+1. Bottoms up !
Originally Posted by magnolia1973
I would suggest reading "It Starts With Food" and giving the Whole 30 a shot. Regardless of where you stand on the evil of grains, the book does a good job of explaining why we still feel hungry when we eat food that is less nutritious and why we feel satisfied when our bodies are getting sufficient nutrients. The Whole 30 part is basically an experiment you do on your own body so you dont have to rely on what all of the experts say on a forum.
I found a couple of simpe statements especially helpful. The first was the idea that everything we put in our mouths makes us more healthy or less healthy. There is no Switzerland. So sure, we can shoot for a calorie deficit eating Big Macs but we all know those patties arent making us healthier regardless of whether we find a way to lose weight doing it.
The second concept was not to snack. Eat 2 or 3 meals a day that include protein, lots of veggies when possible and some healthy fat. Snacking is a habit. So it's great when you have your lunch box with healthy things in it but when you run out you are going to grab whatever you can because you are in the habit of snacking, i.e. donut.
Once the whole 30 is done you can start to add things back in but hopefully the habit of eating good meals is solid. Then you can decide if you think you are ok eating rice or not. I found that eating solid, healthy meals kept me from wanting to stop for junk.
In my experience, the calorie in calorie out thing is a dangerous code to live by. Sure, you will likely lose weight if you eat less than you burn but there are two problems when that food is fast food. First, obviously, the food isnt that healthy and you arent getting the nutrients you need. Now I know the poster above isnt talking about only eating fast food but rather eating it when you dont have choices. The problem with his method is, not many people can eat that food and stay in calorie deficit. Primarily because when most people eat those foods they are not satisfied and they feel like they need to eat more food. I know personally I would have a terrible time trying to eat that way. If I start eating at a fast food joint I just want to keep eating.
Give the book or at least the Whole 30 some consideration. Both helped me understand how I react to eating certain foods.
Yeah, you can cut the nanny state bs, we don't need labels for everything for the poor "newbies"
Originally Posted by oxide
Make America Great Again
I just find it hilarious that you could modify anything else about Primal -- add in some things (20% after all), remove some that you don't like -- but go over the holy carb curve and all of a sudden, "DO NOT PASS GO! DO NOT COLLECT $200"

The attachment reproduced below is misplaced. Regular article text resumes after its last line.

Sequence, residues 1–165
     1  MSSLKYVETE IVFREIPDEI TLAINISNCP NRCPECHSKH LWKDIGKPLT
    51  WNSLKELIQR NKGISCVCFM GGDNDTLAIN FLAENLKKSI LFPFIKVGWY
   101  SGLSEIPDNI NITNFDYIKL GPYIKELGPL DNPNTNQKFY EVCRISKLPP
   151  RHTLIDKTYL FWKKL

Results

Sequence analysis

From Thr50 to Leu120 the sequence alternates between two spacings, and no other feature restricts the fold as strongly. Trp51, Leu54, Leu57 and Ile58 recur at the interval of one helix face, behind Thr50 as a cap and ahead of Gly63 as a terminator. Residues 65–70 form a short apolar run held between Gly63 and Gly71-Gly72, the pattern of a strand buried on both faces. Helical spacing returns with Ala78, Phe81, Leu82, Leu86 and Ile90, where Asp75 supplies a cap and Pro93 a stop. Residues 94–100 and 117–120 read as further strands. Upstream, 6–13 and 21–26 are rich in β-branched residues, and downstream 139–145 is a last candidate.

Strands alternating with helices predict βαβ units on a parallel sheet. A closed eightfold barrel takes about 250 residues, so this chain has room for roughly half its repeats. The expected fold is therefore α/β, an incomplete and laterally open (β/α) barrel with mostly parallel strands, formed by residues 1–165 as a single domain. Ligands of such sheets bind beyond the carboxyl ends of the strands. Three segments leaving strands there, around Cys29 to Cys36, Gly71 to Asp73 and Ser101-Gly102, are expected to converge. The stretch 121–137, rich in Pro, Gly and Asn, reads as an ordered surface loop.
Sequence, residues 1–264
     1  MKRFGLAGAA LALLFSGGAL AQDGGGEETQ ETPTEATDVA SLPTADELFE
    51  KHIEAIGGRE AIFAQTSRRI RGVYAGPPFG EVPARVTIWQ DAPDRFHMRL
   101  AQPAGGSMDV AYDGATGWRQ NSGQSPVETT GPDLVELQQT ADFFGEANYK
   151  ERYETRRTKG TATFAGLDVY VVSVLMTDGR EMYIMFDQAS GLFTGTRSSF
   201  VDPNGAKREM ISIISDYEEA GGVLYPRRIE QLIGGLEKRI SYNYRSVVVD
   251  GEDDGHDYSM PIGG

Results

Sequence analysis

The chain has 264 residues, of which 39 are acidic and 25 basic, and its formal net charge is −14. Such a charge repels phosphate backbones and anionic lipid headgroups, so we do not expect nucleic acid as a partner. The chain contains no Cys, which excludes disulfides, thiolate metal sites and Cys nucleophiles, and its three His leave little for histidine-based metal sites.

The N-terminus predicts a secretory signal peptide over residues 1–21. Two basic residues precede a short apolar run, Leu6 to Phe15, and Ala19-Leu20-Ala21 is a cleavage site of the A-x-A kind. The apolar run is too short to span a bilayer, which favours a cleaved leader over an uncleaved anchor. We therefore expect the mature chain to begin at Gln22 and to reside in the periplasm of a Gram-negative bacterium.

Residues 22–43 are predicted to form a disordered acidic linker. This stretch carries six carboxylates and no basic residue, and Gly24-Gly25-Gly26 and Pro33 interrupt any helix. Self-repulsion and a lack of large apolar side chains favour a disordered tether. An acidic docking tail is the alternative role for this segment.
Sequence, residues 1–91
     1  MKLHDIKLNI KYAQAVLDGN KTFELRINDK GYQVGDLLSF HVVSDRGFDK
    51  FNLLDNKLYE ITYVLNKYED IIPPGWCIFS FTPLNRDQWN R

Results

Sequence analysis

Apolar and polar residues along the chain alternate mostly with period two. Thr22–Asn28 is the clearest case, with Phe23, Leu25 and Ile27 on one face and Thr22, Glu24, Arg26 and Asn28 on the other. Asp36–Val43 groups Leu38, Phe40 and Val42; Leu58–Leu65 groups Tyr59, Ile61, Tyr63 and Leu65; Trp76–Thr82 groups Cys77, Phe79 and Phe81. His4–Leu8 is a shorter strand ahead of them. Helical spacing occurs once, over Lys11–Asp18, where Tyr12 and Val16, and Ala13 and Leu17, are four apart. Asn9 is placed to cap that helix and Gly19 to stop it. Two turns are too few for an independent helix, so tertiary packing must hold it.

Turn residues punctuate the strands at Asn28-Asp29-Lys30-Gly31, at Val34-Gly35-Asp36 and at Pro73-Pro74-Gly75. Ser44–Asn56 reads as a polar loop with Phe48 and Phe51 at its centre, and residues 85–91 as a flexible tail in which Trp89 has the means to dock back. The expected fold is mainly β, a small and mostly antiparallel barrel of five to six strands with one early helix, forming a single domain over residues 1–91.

It works for the sedentary (arguably) I guess, but the ones that push for higher carbs are also the ones that seem to do more activity and are passionate about performance. Be it heavy lifting or whatever else. 151g does not make a person obese because they passed over the limit.
That's why many find it outdated -- because it's not entirely realistic.
Calories in, calories out matters. End of story. PB's secret lies within that concept. Most people overeat carbs when they follow a standard American diet. Combine overeating carbs with high-fat foods and a sedentary lifestyle and what do you get? More calories in, than out, nutrient deficiencies, and metabolic trouble. A strict PB follower is getting more nutrient dense foods (helps control hunger/cravings for more food) and more exercise. What does that mean? More calories used for activity than are consumed.
Also, the shot at oxide's weight change over 2 years was rude and uncalled for. She's 5 feet tall. I'm sure she's actually experienced some body recomposition as my mom did which was obvious by weight stalls but inches still lost. Oxide, you obviously mean well but you've presented yourself like a zealot. Mark isn't a preacher and PB isn't the Bible. PB is a general guide to living a healthier life.
Regarding the Carb Curve: It's a GENERAL guideline! I'm around 5'10" and ~195-200 lbs (male). Low carb for me is a bit different than a 5 ft. tall woman. Yesterday, I had about 25 carbs and was in a calorie restricted state. It sucked trying to go to sleep with hunger cravings. Today, I'll have at LEAST 100 grams by the time it's all said and done. I had a long workout session of heavy compound exercises (in a fasted state) and refilling my glycogen stores for my next workout session is important for my performance.
To the original poster: Learn more and apply it. Rinse and repeat. Eat healthy nutrient dense foods that satisfy your hunger. Stay away from foods that lack nutrition (generally fast foods and sweets). Packing food will allow you to control the times that you eat each day. Eating at that same time each day will help your body regulate your hunger signals to those times.
Wow!!! This thread blew up and I'm grateful for that. I just want to say that everyone here has shown so much knowledge, patience and respect from what I've seen and also on my posts.
The more I research on doing IF, the more I want to try it. I currently own two books Primal Blueprint by Mark Sisson and The Warrior Diet by Ori Hofmekler. Both awesome books. I haven't had time to read these books though. I will make time to read them though.
The last poster Wayland said I should eat nutrient dense foods that will leave me satisfied. Does anyone have any good examples that will fit my work schedule?
I really want to try the Warrior Diet. But I think I will start off slowly. Go from two meals a day to one meal a day.
I just have some concerns. Should I post them here or start a new thread?
I will post more later but right now heading to bed.
Last edited by linuxguy0481; 09-09-2013 at 12:37 AM.
For goodness sake, read the book and just do it!!!